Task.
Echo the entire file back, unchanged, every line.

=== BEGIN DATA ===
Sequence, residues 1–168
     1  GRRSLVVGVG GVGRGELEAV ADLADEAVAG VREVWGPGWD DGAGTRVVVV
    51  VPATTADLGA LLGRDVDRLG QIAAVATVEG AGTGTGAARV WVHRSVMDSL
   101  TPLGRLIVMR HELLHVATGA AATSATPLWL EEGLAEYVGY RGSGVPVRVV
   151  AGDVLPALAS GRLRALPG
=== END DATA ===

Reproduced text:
Sequence, residues 1–168
     1  GRRSLVVGVG GVGRGELEAV ADLADEAVAG VREVWGPGWD DGAGTRVVVV
    51  VPATTADLGA LLGRDVDRLG QIAAVATVEG AGTGTGAARV WVHRSVMDSL
   101  TPLGRLIVMR HELLHVATGA AATSATPLWL EEGLAEYVGY RGSGVPVRVV
   151  AGDVLPALAS GRLRALPG